Don’t Ignore Subtle Warning Signs
We are so accustomed to living with minor annoyances that it’s not always easy to identify and correct them.
Fixing a small problem on the spot prevents much bigger problems later.
When you spot warning signs of trouble and categorize them as “normal” it leads to more problems later.
Focusing on small problems now can save years of costly corrections.
We can learn to spot small problems by doing the following
1. Recall a major mistake you have made at some point in your life, take some time and consider if there were small warning signs along the way.
2. Reflect on your day and without being judgmental, identify any small mistakes you have made today. The act of identifying mistakes will raise your awareness of small mistakes.
3. Ask yourself if the mistakes noticed above reflect a larger problem and take some small steps to fix it.
When we become aware of the areas where we easily fall short we will reduce the probability of making such mistakes again.
High Reliability Organizations (HRO), are organizations where services are vital and precise and failure is not an option. Any failure can lead to catastrophic events. They include nuclear plants, aircraft carriers, emergency rooms. These organizations are characterised by;
• Their ability to notice very weak signals and take decisive actions.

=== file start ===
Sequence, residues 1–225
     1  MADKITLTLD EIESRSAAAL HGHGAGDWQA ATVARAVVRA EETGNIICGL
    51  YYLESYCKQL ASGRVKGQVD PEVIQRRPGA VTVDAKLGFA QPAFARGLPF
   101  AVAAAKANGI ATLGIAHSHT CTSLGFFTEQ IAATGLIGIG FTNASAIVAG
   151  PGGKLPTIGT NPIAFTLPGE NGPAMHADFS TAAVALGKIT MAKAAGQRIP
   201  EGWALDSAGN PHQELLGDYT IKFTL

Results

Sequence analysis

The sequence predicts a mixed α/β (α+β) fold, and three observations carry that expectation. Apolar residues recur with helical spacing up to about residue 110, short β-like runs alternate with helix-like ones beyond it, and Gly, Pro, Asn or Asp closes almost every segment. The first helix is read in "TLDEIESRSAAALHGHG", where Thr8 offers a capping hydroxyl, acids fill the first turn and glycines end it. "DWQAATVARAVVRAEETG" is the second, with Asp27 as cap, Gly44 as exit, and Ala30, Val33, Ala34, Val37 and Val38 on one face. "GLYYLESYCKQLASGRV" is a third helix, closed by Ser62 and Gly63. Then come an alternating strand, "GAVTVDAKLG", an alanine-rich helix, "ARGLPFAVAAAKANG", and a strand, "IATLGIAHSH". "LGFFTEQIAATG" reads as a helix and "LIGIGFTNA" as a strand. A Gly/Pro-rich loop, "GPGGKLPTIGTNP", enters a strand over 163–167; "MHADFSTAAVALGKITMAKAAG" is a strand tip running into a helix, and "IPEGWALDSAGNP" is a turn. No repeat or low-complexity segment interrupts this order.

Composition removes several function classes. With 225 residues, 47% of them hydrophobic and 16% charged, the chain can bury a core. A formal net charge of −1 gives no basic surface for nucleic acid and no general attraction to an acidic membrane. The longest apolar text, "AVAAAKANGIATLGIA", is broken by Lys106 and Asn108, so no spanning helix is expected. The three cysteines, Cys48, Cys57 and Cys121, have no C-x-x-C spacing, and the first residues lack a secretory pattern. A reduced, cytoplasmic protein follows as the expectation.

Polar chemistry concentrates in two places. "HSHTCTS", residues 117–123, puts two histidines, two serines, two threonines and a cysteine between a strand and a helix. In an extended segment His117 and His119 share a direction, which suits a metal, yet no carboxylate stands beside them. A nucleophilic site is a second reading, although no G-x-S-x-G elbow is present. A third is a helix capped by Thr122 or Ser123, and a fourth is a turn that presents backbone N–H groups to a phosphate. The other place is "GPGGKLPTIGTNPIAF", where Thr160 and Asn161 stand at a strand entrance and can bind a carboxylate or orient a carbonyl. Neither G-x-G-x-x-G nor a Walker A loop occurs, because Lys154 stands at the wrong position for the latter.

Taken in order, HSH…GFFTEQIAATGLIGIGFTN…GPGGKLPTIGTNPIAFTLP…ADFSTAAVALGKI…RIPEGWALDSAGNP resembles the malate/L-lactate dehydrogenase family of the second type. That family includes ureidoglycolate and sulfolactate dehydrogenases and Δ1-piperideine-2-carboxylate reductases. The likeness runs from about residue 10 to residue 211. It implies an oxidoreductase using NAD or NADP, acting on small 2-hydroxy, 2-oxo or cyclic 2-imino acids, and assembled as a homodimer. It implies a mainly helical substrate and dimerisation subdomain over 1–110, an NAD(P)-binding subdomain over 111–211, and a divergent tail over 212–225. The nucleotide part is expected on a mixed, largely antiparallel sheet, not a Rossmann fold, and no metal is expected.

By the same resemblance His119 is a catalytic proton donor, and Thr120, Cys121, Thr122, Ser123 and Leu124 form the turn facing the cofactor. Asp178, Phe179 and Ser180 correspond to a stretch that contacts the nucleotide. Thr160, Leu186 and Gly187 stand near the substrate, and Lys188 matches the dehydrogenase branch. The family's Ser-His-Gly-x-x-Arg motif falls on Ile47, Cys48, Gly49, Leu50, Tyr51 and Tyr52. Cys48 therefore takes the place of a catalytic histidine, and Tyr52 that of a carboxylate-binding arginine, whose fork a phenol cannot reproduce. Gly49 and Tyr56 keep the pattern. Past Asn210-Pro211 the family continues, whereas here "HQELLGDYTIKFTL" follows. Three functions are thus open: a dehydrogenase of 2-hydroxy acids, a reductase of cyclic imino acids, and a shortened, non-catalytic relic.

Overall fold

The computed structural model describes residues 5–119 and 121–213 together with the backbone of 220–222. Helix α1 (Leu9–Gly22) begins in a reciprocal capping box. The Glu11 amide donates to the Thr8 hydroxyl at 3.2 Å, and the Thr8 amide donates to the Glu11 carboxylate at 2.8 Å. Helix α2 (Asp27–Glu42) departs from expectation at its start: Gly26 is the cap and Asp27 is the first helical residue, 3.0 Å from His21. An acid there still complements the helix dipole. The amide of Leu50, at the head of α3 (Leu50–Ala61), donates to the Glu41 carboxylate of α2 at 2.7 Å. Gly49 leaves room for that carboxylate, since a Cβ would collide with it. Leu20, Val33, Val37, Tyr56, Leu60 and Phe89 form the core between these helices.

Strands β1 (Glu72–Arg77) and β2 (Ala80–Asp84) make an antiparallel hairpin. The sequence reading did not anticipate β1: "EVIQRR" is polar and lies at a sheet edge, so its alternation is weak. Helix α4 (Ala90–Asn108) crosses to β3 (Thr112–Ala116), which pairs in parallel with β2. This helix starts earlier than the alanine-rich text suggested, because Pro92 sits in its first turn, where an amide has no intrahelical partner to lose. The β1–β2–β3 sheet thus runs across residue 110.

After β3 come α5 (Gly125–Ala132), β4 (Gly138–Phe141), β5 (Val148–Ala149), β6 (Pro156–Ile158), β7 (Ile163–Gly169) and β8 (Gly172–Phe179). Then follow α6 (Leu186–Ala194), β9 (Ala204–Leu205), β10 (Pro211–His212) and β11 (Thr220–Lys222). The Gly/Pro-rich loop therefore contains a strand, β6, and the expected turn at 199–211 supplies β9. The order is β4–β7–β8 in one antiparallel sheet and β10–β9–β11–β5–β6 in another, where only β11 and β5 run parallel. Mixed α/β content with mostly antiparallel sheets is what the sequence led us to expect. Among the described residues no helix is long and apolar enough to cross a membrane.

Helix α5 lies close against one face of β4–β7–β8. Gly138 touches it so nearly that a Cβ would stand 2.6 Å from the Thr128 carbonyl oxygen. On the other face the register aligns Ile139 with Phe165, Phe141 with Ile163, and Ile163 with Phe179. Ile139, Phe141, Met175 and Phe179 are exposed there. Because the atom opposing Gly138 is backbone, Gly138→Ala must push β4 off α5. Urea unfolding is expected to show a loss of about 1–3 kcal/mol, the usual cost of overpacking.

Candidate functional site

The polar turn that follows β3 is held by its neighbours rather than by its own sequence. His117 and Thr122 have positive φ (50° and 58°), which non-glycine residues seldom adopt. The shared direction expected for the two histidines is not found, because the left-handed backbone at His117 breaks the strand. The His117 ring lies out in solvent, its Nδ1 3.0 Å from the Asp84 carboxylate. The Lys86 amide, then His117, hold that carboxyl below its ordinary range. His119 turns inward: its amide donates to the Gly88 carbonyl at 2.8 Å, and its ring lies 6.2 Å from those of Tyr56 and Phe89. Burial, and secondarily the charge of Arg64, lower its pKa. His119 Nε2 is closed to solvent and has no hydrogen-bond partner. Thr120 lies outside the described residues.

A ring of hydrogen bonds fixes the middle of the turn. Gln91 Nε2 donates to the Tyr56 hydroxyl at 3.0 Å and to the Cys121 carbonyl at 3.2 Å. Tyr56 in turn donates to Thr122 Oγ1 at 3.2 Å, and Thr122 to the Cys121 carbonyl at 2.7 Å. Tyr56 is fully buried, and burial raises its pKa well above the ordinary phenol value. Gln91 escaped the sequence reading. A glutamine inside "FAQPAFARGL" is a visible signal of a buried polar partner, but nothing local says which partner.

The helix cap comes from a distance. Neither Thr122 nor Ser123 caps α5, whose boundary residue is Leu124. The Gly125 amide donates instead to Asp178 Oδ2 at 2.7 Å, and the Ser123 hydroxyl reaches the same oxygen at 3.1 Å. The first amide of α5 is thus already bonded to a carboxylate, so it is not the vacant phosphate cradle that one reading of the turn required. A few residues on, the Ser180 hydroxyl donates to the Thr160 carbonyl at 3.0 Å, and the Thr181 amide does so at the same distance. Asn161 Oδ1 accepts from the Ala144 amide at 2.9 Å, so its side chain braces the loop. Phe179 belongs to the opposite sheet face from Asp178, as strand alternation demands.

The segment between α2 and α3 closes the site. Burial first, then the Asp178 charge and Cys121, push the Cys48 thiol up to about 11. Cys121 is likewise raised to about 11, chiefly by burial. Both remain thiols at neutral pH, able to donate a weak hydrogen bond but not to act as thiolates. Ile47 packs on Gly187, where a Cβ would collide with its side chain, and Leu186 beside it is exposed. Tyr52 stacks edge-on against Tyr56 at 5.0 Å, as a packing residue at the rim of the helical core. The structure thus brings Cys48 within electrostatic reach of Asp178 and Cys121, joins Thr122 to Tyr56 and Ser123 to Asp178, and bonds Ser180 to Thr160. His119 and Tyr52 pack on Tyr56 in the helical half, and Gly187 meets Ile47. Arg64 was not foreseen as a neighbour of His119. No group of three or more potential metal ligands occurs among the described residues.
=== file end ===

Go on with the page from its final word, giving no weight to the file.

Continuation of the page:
• Their capacity to pay attention to small details.
• How vital it is to review small mistakes thoroughly.
For most of us, daily mistakes do not lead to catastrophic consequences most times. But then there are points in our lives where we can do with extra vigilance.
There are three points in our journey of change where we are likely to miss warning signals.
1. At the beginning of a path to change; This could be a new relationship when we tend to ignore disturbing traits in our partner because we are eager for a relationship.
A new investment that seems so exciting and urgent or a pain in our body when starting a new fitness routine.
By slowing down and investigating properly we will save ourselves serious problems later.
2. Near the finish line; Towards the end of a hiring process when you are desperate to fill a position and something about the candidate doesn’t seem right. The Harvard business review has reported that it is much more efficient to leave a position empty than to fill it with the wrong person.
3. An overwhelming crisis; During crises, we tend to overthink and feel that we need to have a big response to whatever is happening. That approach leads to stress and despair. The best approach especially for personal crises is to look for the small problems that are within our control and find ways to manage them.